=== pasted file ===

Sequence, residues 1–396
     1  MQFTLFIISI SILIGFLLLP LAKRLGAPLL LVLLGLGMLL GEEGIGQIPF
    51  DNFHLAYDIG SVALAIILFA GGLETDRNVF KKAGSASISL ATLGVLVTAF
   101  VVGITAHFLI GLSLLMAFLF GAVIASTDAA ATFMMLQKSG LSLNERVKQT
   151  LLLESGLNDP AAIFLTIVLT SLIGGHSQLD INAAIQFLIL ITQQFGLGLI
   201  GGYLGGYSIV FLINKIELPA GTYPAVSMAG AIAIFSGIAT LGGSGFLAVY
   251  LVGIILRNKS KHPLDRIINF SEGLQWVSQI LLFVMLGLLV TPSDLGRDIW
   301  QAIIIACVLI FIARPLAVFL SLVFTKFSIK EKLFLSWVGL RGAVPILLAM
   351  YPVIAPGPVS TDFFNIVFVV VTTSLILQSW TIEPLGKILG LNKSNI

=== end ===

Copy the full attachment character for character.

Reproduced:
Sequence, residues 1–396
     1  MQFTLFIISI SILIGFLLLP LAKRLGAPLL LVLLGLGMLL GEEGIGQIPF
    51  DNFHLAYDIG SVALAIILFA GGLETDRNVF KKAGSASISL ATLGVLVTAF
   101  VVGITAHFLI GLSLLMAFLF GAVIASTDAA ATFMMLQKSG LSLNERVKQT
   151  LLLESGLNDP AAIFLTIVLT SLIGGHSQLD INAAIQFLIL ITQQFGLGLI
   201  GGYLGGYSIV FLINKIELPA GTYPAVSMAG AIAIFSGIAT LGGSGFLAVY
   251  LVGIILRNKS KHPLDRIINF SEGLQWVSQI LLFVMLGLLV TPSDLGRDIW
   301  QAIIIACVLI FIARPLAVFL SLVFTKFSIK EKLFLSWVGL RGAVPILLAM
   351  YPVIAPGPVS TDFFNIVFVV VTTSLILQSW TIEPLGKILG LNKSNI